Let $G \left(X, Y, E\right)$ be a bipartite graph with two equal-sized parts (that is, $|X|=|Y|=n$).

An envy-free matching is a perfect matching between two subsets $X_1 \subseteq X$ and $Y_1 \subseteq Y$ such that no unmatched $x$ (that is, $x \in X \setminus X_1$) wants (i.e., is connected to) any matched $y$ (that is, $y \in Y_1$).

For example, in the following graph (where an edge from $x$ to $y$ means that $x$ wants $y$):

  • $x_1\ wants\ y_2$
  • $x_2\ wants\ y_1,y_2,y_3$
  • $x_3\ wants\ y_2$

an envy-free matching is: $x_2 \to y_1$, since $x_1$ and $x_3$ don't want $y_1$ so they are not envious.

Note that an envy-free matching may be different from the maximum-size matching. In the above graph, there is a maximum matching of size 2 ($x_2 \to y_1,x_1\to y_2$), but it is not envy-free because $x_3$ is envious.

In the following graph:

  • $x_1\ wants\ y_2$
  • $x_2\ wants\ y_2$

the only envy-free matching is the empty matching, since if $y_2$ is matched to $x_i$, then $x_{3-i}$ is envious.

My conjecture is that, if every $y$ is wanted by at least one $x$, then there is a non-empty envy-free matching.

Can you prove or disprove it?

  • $\begingroup$ After trying some examples, it seems to be true, but I can't proof it. Maybe you can use induction. $\endgroup$ – Ragnar Dec 29 '13 at 14:05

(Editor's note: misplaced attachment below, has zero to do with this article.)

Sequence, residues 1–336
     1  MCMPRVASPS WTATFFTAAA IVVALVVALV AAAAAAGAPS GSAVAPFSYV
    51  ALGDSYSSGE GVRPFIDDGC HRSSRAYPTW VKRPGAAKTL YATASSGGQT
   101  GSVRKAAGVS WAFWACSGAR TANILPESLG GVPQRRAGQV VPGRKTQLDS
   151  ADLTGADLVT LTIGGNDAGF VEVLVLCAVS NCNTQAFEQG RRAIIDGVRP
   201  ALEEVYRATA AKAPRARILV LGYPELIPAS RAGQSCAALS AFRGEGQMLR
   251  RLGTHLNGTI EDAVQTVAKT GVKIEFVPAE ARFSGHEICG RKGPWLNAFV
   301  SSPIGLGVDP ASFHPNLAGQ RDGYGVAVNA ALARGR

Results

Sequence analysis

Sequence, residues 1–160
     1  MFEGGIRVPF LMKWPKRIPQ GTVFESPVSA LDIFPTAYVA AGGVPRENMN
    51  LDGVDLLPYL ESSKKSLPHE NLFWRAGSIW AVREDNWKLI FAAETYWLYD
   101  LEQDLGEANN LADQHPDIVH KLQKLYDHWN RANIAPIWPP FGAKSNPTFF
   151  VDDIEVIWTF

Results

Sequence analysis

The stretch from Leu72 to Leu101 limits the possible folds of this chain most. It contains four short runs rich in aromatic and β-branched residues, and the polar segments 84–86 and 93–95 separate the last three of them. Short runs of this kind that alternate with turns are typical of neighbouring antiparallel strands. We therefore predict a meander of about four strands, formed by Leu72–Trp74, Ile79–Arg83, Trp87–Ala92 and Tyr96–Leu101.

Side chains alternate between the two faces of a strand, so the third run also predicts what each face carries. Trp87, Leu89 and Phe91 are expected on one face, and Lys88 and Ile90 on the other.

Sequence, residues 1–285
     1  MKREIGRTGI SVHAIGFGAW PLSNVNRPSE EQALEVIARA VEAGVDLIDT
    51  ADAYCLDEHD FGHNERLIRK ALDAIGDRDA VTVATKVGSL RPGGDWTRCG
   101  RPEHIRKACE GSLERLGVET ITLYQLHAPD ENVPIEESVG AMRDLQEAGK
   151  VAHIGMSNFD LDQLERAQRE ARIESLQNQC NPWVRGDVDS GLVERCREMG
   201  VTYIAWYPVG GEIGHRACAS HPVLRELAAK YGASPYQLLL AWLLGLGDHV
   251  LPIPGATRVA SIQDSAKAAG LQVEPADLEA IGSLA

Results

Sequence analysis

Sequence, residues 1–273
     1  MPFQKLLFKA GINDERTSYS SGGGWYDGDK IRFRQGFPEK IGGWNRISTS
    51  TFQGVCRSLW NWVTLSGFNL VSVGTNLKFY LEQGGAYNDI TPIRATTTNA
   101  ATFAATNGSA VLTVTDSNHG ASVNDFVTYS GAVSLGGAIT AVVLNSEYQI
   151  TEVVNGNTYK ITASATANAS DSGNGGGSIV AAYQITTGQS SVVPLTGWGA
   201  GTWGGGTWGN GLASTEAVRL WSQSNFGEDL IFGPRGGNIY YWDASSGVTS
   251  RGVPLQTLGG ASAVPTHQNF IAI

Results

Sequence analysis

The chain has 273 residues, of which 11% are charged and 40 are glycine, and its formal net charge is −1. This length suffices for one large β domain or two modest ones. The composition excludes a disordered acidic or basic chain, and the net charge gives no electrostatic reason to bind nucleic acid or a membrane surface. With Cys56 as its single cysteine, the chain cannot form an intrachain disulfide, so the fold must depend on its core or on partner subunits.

• $\begingroup$ Sounds like "stable Marriage" Theorem. $\endgroup$ – hbm Dec 29 '13 at 18:21
  • $\begingroup$ @hbm in the stable marrige problem, each man has a preference order over the women, and vice versa. The problem I presented is binary - each man either wants a woman or does not want her. $\endgroup$ – Erel Segal-Halevi Dec 30 '13 at 5:33

I think I can prove your conjecture using Hall's theorem.

First of all, any perfect matching is also an envy-free matching, so if $G$ satisfies Hall's condition then there is an envy-free matching.

Otherwise let $S \subseteq X$ be a maximal subset such that $|N(S)|<|S|$. If $S=X$ then any $y$ that isn't in $N(S)$ isn't wanted by any $x$. If $|S|<n$ then the subgraph of $G$ on the vertices$X\smallsetminus S,Y \smallsetminus N(S)$ satisfies Hall's condition (otherwise we can make $S$ larger), and so it has a matching that matches all of the vertices in $X\smallsetminus S$. This matching is envy-free.

  • $\begingroup$ I converted your proof into an algorithm and added a necessary condition and some examples: arxiv.org/abs/1901.09527 you are welcome to join the paper if you want (but you will have to read it carefully to ensure there are no bugs... my proofs often have bugs) $\endgroup$ – Erel Segal-Halevi Jan 29 at 2:08

Your Answer

By clicking “Post Your Answer”, you agree to our terms of service, privacy policy and cookie policy

Not the answer you're looking for? Browse other questions tagged or ask your own question.